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Tuesday, June 11, 2019

Gary Sánchez’s Offensive Surge Can’t Mask a New Woe Behind the Plate

Article summary: The Yankees catcher is on pace to break the position’s long-standing home run record, but his drop-off in pitch framing is costing New York almost as much as his bat can make up

Jeremy Renner App is Dead and I killed it Posted: June 11, 2019 at 05:08 PM | 49 comment(s) Login to Bookmark
  Tags: catching, new york yankees, pitch framing

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   1. the Hugh Jorgan returns Posted: June 11, 2019 at 06:44 PM (#5850740)
but his drop-off in pitch framing is costing New York almost as much as his bat can make up


In true Primer form I have NOT RTFA, but I find it very difficult to believe that a guy with a 148 OPS+ is nullifying all of that with poor framing. I know he's not great back there, but geez is he giving away like 20 strikes a game?

Besides framing, like having to drive a car, is a skill that will be nullified by technology in the next few years.

The Red Sox think Gary should be saved from this dire situation and come to Boston where he may improve his abhorrent defensive stats and continue to flat out rake.
   2. Captain Supporter Posted: June 11, 2019 at 07:21 PM (#5850751)
You are supposed to believe that somehow he has totally forgotten everything he has ever known about framing. Or you can believe that either GIGO or that people who pretend to know something about Sabremetrics should not write articles with small sample sizes and conclusions that make no sense.
   3. My name is RMc and I feel extremely affected Posted: June 11, 2019 at 08:42 PM (#5850764)
I find it very difficult to believe that a guy with a 148 OPS+ is nullifying all of that with poor framing.

Lotsa taters covers up a whole buncha sins.
   4. What did Billy Ripken have against ElRoy Face? Posted: June 11, 2019 at 08:44 PM (#5850765)
Bold prediction: We will look back at these few years and shake our collective heads at the wild overcorrection to sabermetrics’ prior dismissal of pitch framing.
   5. Infinite Yost (Voxter) Posted: June 11, 2019 at 09:18 PM (#5850779)
Bold prediction: We will look back at these few years and shake our collective heads at the wild overcorrection to sabermetrics’ prior dismissal of pitch framing.


That's pretty much my assumption.

Framing also doesn't appear to be that difficult. Bad framers get taught to be good ones pretty quickly. It's not actually a major league skill -- it's more like, I don't know a pickoff move or something. The only reason, it seems to me, for a guy to be bad at it is that nobody's ever mentioned it to him before.
   6. snapper (history's 42nd greatest monster) Posted: June 11, 2019 at 10:13 PM (#5850793)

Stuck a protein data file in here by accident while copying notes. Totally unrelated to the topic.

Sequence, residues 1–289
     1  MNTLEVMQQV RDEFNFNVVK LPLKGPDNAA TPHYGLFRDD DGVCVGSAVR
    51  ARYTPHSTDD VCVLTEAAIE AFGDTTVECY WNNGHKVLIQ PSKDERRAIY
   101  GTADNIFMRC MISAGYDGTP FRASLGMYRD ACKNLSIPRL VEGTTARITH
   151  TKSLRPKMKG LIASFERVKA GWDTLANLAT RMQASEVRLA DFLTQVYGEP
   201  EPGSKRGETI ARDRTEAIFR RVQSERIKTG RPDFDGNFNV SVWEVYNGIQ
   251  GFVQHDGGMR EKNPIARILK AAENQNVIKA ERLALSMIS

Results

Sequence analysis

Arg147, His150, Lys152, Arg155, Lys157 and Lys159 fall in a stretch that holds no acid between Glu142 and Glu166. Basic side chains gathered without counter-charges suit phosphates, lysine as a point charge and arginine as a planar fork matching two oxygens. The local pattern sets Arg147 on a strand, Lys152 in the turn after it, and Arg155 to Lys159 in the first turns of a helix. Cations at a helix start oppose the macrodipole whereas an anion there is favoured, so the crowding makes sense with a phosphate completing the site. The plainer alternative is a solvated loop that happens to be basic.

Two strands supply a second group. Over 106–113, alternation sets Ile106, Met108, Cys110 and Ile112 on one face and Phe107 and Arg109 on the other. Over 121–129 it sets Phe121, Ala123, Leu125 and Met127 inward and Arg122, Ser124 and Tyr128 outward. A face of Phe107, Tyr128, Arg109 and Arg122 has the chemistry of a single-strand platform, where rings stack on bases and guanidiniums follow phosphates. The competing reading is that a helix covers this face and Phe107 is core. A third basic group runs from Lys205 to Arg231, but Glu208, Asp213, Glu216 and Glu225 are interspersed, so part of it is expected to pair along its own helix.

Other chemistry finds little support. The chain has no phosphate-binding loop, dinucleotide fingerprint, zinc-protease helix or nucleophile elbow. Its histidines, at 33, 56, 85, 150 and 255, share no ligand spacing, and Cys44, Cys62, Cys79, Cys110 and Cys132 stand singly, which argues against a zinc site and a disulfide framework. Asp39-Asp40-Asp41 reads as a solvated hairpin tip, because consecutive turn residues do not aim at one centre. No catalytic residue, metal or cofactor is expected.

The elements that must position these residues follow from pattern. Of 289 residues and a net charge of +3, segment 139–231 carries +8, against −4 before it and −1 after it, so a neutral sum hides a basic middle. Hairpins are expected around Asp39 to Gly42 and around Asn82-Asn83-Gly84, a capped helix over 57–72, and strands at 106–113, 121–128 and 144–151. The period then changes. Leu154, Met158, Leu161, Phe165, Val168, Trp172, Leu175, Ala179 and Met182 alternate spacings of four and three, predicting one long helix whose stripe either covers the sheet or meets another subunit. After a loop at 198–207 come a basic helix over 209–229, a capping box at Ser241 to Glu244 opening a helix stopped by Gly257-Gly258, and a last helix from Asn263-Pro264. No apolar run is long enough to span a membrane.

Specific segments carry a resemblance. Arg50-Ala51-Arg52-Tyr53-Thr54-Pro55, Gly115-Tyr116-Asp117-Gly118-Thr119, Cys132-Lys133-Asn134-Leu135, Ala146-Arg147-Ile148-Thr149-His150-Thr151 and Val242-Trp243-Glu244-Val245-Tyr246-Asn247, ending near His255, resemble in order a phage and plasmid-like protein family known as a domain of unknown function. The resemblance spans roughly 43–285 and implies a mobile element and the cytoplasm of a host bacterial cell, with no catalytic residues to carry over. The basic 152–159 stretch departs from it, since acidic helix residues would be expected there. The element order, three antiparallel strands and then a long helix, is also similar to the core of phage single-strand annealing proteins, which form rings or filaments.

No way the guy is a +5 framer for 3 years, and then goes to -20. Don't buy it.

And, of course, the Yankee staff has a 3.89 ERA with Sanchez behind the plate, .718 OPS against, which is dead in line with the other catchers. So, these theoretical strikes he's missing, aren't actually leading to runs.
   7. Joe Bivens, Slack Rumped Rutabaga Head Posted: June 12, 2019 at 08:39 AM (#5850841)
Meet the new woe...same as the old woe: He's a DH forced to catch because the Yankees don't want a weaker bat in the lineup. Especially now when the lineup looks like it does. (Can these replacements maintain this pace much longer?)
   8. Rally Posted: June 12, 2019 at 09:06 AM (#5850846)
He's a DH forced to catch because the Yankees don't want a weaker bat in the lineup.


Then why do they fill the DH spot with Kendrys Morales?
   9. Rally Posted: June 12, 2019 at 09:12 AM (#5850849)
Sanchez is -6.7 framing runs by Prospectus. -6.5 by Statcorner. He's +13 batting runs, best on the team so far. This is not a Doumit situation where a slightly above average hitter ruins his value with atrocious framing. This is a Napoli situation. The solution does not require benching him for a Mathis.
   10. Davo Posted: June 12, 2019 at 10:04 AM (#5850866)
I’m with number 4. How confident are we that this is something the catcher can control?

I’m old, guys, I remember when stat-heads were pushing “Catcher’s ERA” as a stat—I’m wary!

This “framing” article reads a lot like the famous XKCD cartoon: “A random number generator just produced a new batch of numbers. Let’s use them to build narratives!”
   11. snapper (history's 42nd greatest monster) Posted: June 12, 2019 at 10:08 AM (#5850873)
How confident are we that this is something the catcher can control?

I think there has been significant discussion that the pitcher owns a lot of the blame/credit. If the pitcher is hitting his spots, it's easy for the catcher to keep quiet behind the plate. If he has to move his glove 2 feet to catch a ball, that's going to look bad to the ump.
   12. SoSH U at work Posted: June 12, 2019 at 10:10 AM (#5850876)